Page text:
‘Fund teaches orchestras and ensembles how to earn money’
Dutch business newspaper the Financiële Dagblad about The Bunschoten Fund
by Bert Koopman
The sixteenth edition of the Grachtenfestival (Amsterdam Canals Festival, starting August 16, not only brings us music, but also a business scoop. The Bunschoten Fund is supporting the concert series Terra Incognita: young musical talents and experienced musicians performing together in the Hotel Krasnapolsky’s Winter Garden. The Fund also offers orchestras, ensembles, festivals and podiums professional help in enhancing their income-generating possibilities now that funding opportunities are drying up.
‘The Bunschoten Fund’ wants to teach musical organizations how to fish for alternative sources of income by themselves,’ says fund chairman Dennis Weewer, who in his daily life leads the Family & Charity Office at Insinger de Beaufort. The Fund introduces them to Van Dooren Advies, an agency specialized in sponsoring and fundraising, whose clients include The Dutch National Opera and the North Sea Jazz Festival.
Weewer emphasizes that applications are selected with caution, both by the Fund’s Board and by Van Dooren Advies. On the basis of ‘quick scans’ two candidates remain in two rounds during the months of March and October. One of them will receive professional support by the agency, the other will receive the results of the scan. An annual sum of € 60,000 is available.
Founder of The Bunschoten Fund is the eccentric music teacher Willem Bunschoten (1932-2011). While listening to the radio on his sickbed, he heard how hundreds of millions of euros were being cut from the podium arts budgets. The severe impact on the entire sector touched him deeply. The withdrawn sufi therefore wanted to support the needy music organizations. Weewer: ‘Up front are self-reliance and permanency.’
Willem Bunschoten is the son of the Fund’s name giver, Etward Bunschoten. The family of Etward’s wife owned a plantation on Java, which formed the basis of the Fund’s capital. The Fund also provides students and ensembles from abroad with The Bunschoten House: temporary accommodation and rehearsal or concert space.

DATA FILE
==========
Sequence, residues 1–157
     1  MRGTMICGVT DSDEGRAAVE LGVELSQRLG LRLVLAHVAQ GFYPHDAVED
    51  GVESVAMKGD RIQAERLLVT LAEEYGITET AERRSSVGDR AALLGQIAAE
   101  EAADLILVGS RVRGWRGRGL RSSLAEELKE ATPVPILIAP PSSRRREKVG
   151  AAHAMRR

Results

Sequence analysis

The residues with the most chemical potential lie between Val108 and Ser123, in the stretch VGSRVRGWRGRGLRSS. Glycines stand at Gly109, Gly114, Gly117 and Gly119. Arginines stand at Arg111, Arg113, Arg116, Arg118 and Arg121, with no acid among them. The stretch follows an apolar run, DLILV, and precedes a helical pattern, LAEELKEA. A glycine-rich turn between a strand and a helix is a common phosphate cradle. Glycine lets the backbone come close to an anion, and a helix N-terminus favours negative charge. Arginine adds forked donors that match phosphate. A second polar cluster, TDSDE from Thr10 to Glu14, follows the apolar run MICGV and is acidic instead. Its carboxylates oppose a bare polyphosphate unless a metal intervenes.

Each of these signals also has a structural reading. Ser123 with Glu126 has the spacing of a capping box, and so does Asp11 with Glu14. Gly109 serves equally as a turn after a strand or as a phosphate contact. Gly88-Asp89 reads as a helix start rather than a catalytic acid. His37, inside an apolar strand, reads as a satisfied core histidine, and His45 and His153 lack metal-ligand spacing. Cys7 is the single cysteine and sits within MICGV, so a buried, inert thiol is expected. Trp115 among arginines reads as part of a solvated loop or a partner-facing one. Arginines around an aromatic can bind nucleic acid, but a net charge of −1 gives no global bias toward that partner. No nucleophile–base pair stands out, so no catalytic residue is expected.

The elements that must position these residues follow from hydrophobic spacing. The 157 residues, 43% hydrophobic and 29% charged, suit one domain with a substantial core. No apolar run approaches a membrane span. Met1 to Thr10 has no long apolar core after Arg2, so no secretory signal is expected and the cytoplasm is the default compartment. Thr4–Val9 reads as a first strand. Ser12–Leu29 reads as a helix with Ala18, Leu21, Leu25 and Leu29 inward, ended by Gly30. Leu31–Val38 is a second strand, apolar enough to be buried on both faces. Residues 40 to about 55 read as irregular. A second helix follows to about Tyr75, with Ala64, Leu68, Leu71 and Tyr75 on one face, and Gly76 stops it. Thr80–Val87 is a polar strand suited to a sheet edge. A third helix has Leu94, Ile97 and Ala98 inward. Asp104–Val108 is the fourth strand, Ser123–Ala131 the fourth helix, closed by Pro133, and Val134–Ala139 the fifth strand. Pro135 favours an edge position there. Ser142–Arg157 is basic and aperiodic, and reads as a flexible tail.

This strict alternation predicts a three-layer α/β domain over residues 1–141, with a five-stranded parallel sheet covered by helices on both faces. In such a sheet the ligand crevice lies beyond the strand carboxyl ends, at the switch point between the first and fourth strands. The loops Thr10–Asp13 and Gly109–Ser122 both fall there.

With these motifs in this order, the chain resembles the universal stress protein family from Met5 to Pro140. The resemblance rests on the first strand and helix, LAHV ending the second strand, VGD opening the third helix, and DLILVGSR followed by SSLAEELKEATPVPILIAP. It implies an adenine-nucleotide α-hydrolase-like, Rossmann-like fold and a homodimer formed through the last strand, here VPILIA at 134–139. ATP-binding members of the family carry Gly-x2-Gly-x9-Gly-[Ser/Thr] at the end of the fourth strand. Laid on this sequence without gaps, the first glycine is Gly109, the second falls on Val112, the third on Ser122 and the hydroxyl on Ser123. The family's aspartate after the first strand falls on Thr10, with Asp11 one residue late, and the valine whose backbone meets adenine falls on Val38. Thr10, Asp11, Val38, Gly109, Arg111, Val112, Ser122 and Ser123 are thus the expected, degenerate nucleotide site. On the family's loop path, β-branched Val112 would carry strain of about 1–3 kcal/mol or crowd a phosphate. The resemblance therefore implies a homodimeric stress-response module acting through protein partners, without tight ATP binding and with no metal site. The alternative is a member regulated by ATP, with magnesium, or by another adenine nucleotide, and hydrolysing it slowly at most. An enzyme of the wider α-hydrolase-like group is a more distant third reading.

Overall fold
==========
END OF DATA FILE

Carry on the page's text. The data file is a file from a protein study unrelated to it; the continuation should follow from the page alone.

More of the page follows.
Director Lidy Klein Gunnewiek (51) of the Grachtenfestival (Amsterdam Canals Festival) — the annual festival that offers young classical music talents a monumental stage, partially in the open air — is happy with the one-off € 50,000 that The Bunschoten Fund is contributing to the concert series Terra Incognita. Since a restart in 2010, the classical music festival, which welcomed 53,000 visitors last year, is looking for a sustainable financial basis.
Unlike the Robeco Summer Nights in the Concertgebouw (some 70,000 visitors), the Grachtenfestival does not have one co-financier who has been aboard for a quarter of a century. Director Klein Gunnewiek: ‘Funding remains a considerable challenge.’ With a budget of € 1.2 million the Grachtenfestival organizes more than 170 concerts at 90 locations in Amsterdam. More than two thirds of that amount comes from ticketing, sponsoring, private funding and private donations. Lidy Klein Gunnewiek says she has talking to several ‘parties’ to help realize the intended upscaling by a third to 70,000 visitors in 2016. She wants an audience where more than half of the people are under the age of forty.
The festival wants to develop ‘a more enterprising way of producing’, from a central location of its own, ‘the festival heart’, by only programming productions that generate sufficient and immediate income. Vulnerable parts — talent coaching, owned productions, experimental music — might end up in the danger zone though. According to Klein Gunnewiek there is an ongoing need for support from the public and private sectors.